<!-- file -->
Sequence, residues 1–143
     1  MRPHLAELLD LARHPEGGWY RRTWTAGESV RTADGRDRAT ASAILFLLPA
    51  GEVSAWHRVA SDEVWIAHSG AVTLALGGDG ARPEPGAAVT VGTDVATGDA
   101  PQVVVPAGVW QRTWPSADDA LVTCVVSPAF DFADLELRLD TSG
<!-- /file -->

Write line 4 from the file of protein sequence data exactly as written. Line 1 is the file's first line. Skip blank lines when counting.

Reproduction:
   101  PQVVVPAGVW QRTWPSADDA LVTCVVSPAF DFADLELRLD TSG